During the Yi dynasty (1392 – 1910), interest in learning martial arts in Korea faded considerably, partly as a result of a growing emphasis on classical learning on subjects such as music, art, literature and poetry, as opposed to physical pursuits that were favoured in earlier periods.

By 1790, the martial art forms that would later develop into Taekwondo were at risk of dying out so in a bid to retain their knowledge, King Chong Jo ordered Lee Duk Mu, one of his generals and a martial arts expert, to write an illustrated textbook on the subject.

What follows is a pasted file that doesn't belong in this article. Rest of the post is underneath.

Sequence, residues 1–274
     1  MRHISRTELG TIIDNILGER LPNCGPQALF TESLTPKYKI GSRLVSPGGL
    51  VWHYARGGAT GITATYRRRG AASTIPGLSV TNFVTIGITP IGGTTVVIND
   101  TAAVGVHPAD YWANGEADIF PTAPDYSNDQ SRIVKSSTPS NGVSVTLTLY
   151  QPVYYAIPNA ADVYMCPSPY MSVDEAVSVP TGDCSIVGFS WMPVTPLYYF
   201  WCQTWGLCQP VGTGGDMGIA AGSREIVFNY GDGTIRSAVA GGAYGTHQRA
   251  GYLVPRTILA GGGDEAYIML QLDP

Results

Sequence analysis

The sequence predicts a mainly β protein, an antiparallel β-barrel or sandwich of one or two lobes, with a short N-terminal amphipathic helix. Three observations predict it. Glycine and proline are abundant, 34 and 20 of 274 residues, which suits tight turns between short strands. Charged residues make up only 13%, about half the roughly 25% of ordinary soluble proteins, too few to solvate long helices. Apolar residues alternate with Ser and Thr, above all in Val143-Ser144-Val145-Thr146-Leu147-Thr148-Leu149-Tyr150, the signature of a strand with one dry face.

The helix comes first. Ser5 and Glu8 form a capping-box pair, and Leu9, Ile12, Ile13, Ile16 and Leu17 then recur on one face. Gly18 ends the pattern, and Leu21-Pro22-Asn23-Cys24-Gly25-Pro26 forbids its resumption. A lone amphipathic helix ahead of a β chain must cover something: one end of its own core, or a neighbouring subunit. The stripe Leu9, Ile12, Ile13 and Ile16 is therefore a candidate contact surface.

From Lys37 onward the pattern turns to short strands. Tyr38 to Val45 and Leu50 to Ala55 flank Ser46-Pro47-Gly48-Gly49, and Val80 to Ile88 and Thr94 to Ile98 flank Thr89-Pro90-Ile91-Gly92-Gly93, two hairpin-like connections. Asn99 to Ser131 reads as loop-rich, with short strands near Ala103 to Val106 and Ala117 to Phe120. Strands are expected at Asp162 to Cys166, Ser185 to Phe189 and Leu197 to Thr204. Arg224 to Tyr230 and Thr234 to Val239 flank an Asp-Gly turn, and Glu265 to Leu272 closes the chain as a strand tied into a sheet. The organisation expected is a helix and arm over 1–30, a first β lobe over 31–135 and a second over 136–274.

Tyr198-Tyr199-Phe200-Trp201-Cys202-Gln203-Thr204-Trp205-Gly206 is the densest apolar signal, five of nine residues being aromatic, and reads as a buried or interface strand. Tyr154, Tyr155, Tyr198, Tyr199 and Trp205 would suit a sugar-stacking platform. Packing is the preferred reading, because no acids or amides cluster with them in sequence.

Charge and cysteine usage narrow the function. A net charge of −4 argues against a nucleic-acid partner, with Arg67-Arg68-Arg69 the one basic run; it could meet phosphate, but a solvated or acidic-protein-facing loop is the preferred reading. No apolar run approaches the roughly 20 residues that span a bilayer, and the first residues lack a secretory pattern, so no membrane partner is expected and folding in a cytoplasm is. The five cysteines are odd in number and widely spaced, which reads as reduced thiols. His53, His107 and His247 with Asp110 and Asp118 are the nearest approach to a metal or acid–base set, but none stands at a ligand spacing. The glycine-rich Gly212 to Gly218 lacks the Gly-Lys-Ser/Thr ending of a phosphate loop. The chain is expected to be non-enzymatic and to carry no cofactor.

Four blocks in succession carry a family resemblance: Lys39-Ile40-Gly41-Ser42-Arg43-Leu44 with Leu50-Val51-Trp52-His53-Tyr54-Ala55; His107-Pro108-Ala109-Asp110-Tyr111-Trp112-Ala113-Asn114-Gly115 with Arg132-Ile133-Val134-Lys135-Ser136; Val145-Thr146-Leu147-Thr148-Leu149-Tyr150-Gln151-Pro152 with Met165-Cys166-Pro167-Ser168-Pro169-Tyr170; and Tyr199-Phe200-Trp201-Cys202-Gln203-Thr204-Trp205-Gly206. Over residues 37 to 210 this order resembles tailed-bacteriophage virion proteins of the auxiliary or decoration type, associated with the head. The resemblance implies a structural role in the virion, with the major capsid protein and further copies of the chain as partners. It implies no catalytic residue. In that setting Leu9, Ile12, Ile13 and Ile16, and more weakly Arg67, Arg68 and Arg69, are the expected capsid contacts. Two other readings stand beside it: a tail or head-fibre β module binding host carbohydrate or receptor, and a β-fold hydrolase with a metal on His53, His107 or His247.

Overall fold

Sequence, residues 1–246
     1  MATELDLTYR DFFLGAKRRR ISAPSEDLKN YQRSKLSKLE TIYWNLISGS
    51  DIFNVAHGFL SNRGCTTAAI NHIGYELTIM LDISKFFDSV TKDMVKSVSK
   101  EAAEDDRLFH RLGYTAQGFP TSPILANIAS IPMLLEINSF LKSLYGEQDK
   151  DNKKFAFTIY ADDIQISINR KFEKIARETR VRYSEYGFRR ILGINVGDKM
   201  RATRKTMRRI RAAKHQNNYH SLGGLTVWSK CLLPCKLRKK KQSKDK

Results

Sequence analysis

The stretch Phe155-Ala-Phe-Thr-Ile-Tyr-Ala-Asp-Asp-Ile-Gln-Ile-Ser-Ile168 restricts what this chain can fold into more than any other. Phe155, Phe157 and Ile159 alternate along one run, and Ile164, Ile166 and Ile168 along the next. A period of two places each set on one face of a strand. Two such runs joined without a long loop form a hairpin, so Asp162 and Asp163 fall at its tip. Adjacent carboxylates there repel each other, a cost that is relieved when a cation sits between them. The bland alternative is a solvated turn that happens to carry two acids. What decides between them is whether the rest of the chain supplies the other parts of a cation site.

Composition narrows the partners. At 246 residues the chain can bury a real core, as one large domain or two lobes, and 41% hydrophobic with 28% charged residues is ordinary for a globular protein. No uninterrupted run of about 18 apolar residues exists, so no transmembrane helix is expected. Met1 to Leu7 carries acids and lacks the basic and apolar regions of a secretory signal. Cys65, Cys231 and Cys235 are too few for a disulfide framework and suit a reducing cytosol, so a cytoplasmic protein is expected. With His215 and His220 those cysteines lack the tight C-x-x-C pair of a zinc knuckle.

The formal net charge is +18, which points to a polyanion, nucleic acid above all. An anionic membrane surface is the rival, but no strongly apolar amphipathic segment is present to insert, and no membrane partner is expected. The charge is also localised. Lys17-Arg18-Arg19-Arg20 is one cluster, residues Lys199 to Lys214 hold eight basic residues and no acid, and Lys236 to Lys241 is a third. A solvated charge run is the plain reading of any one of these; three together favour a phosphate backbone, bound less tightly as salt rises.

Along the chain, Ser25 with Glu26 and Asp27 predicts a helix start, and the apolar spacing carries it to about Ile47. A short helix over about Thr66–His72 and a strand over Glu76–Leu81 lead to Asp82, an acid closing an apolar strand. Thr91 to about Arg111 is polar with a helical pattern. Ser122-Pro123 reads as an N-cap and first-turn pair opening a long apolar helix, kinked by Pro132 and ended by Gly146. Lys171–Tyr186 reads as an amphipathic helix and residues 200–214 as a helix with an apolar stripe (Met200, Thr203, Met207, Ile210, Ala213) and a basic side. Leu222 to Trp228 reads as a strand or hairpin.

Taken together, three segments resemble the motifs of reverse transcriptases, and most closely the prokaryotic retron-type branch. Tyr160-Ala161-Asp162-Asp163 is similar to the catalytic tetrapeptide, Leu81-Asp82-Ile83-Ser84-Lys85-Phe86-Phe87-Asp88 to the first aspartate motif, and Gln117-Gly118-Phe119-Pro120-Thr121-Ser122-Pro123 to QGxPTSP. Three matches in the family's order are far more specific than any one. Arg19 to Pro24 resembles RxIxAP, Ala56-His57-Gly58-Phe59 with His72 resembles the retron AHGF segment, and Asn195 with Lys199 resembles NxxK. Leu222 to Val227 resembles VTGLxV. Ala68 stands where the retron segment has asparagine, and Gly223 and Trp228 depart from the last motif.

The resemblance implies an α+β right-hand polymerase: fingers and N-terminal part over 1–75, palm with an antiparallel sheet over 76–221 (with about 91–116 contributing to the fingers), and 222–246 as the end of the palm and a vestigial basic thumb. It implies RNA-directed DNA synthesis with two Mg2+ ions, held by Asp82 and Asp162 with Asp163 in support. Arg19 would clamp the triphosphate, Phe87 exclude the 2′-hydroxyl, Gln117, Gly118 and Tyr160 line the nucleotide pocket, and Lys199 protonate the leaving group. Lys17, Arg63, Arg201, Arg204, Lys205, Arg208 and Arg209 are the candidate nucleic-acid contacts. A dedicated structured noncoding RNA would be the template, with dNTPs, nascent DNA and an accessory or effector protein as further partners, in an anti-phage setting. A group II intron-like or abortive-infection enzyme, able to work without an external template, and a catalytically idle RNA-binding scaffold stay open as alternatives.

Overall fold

The book was called the Muye Dobo Tongji, and was a masterpiece that clearly and succinctly discussed and defined techniques of both armed and unarmed combat. The work was approximately forty pages long and covered all the major martial arts styles practiced in Korea at the time, including Tae Kyon and Soo Bak.